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Implementation Completion Report (ICR) Review - A.p. Emerg. Cyclone

1. Project Data:   
ES Date Posted:
Project Name:
A.p. Emerg. Cyclone
Project Costs(US $M)
 219.96  174.89
Loan/Credit (US $M)
 150.0  121.36
Sector, Major Sect.:
Irrigation & drainage, General public administration sector, Other social services, Power, Roads & highways,
Agriculture fishing and forestry; Law and justice and public administration; Health and other social services; Energy and mining; Transportation
Cofinancing (US $M)
L/C Number:
C2950; L4156      
Board Approval (FY)
Partners involved
Closing Date
07/31/2000 07/31/2003
Prepared by: Reviewed by: Group Manager: Group:  
Silke Heuser
Ronald S. Parker Alain A. Barbu OEDST

2. Project Objectives and Components:

a. Objectives
The Andhra Pradesh (AP) Hazard Mitigation and Emergency Cyclone Recovery Project was a response to heavy rains, floods and cyclones occurring between June and December 1996, with a devastating cyclone hitting the coastal area on November 6. During that period, a total of 1,689 people died and economic loss was estimated at US$2 billion.

The project’s objectives were to: (i) assist GOAP in preparing and implementing a long-term hazard management program in high-risk areas with enhanced community participation; (ii) restore public infrastructure according to hazard-resistant criteria for infrastructure siting, construction and quality control so that such infrastructure can withstand future disasters; and (iii) enhance the capacity of GOI / India Meteorological Department (IMD) in early cyclone warning.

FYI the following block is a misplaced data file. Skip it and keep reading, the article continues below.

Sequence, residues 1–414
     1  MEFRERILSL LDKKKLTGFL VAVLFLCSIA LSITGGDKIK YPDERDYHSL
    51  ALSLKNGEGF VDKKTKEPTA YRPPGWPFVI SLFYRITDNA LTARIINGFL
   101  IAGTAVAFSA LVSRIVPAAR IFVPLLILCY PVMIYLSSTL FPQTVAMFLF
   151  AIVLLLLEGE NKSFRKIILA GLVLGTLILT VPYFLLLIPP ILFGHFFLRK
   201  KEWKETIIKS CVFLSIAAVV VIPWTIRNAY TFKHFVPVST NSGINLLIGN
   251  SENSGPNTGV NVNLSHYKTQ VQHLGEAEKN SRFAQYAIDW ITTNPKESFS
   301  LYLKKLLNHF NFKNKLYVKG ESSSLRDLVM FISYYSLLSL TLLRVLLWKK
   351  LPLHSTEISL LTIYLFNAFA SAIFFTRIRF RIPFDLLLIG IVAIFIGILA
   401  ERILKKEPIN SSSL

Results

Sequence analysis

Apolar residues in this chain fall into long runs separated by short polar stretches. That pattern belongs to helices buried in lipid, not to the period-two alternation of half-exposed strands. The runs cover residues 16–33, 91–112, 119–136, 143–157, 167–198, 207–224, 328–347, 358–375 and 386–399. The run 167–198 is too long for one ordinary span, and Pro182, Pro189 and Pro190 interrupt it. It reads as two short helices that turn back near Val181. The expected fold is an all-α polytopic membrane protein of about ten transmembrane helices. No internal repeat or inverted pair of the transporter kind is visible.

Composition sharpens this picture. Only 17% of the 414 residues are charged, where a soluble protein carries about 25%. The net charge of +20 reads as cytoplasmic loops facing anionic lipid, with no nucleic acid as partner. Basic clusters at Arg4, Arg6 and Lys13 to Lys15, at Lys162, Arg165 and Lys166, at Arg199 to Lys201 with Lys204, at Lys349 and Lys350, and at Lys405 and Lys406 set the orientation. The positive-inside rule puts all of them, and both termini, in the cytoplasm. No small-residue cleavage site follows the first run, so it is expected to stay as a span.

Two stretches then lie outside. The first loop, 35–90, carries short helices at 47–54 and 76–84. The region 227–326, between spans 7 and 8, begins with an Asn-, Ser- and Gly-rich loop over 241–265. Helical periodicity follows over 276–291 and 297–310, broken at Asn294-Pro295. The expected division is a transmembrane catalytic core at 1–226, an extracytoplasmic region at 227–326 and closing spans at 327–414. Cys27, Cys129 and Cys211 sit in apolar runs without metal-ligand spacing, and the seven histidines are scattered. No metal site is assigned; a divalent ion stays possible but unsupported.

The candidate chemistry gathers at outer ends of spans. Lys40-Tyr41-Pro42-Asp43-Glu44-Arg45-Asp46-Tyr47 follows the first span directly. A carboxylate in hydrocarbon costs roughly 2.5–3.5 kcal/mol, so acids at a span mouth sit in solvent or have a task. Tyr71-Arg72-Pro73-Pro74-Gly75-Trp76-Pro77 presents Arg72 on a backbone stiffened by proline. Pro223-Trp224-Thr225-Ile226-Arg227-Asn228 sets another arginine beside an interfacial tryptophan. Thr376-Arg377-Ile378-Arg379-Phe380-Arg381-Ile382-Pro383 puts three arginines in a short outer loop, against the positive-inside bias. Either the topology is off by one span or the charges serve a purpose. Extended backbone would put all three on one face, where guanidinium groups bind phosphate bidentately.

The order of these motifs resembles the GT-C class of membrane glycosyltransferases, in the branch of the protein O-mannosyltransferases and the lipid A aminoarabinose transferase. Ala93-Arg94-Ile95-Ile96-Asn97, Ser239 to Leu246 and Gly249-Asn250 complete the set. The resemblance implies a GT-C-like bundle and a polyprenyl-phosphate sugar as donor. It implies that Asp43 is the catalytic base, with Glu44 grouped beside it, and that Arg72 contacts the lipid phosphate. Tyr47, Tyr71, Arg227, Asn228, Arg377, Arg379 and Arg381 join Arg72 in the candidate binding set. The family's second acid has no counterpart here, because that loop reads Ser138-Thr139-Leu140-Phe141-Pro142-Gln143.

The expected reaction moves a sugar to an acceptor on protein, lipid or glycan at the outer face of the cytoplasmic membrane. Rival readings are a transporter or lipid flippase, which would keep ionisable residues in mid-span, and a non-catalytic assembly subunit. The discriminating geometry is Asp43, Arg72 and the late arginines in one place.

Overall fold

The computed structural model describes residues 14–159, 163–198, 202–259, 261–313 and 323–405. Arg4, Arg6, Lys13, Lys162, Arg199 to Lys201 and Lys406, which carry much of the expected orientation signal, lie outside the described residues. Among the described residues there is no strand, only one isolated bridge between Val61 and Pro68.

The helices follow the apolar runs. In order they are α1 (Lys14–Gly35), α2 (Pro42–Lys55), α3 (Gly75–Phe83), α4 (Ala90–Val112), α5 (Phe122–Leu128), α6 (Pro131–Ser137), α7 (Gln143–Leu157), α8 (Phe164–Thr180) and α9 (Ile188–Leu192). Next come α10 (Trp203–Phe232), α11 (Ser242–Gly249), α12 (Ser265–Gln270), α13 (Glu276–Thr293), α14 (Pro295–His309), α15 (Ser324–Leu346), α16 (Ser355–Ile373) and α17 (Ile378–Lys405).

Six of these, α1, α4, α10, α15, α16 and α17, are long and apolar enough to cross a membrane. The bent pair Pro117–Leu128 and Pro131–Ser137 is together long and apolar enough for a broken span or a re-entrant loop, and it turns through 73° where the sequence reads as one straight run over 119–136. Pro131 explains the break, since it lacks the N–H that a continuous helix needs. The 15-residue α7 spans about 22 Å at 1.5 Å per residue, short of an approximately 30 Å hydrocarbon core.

b. Components
1) Hazard Management Program (US$48.7 million): GOAP was to conduct cyclone and flood management studies that were expected to lead to a disaster management plan. It was also to conduct hazard mapping and purchase communications and information technology to better inform and evacuate people before a cyclone; and it was to set up a Vulnerability Reduction Fund (VRF) to finance community-driven hazard reduction activities. GOI was also to enhance IMD’s early cyclone warning capacity on the east coast of India through the provision of Doppler Weather Radars.
2) Infrastructure Restoration (US$156.7 million): Electric power facilities, irrigation drains, flood banks, roads, bridges and public buildings were to be constructed or repaired to withstand wind speeds of more than 200 km/h. Mitigation measures were to include watershed management, tree shelter-belt plantations and cyclone shelters.
3) Technical Assistance (US$14.6 million): Besides financing consultants, training and equipment, TA was to fund the costs of project management.

c. Comments on Project Cost, Financing and Dates
Parallel financing of about US$30 million from NABARD and US$30 million from the Power Finance Corporation covered additional irrigation, work on rural roads, and the restoration of electrical facilities. The depreciation of the Indian rupee led to US$9 million of the credit and US$20 million of the loan being unused. Other factors reduced the project’s cost as well, so that the actual expenditures under the Hazard Management component came to about 9 percent of the loan amount, compared to an estimated 22 percent. This was due to the fact that coastal mapping was done by a government agency instead of international consultants, and that the Doppler Weather Radar System was not procured. Expenditures for TA, however, increased to 189 % of appraisal estimates due to a project extension of three years.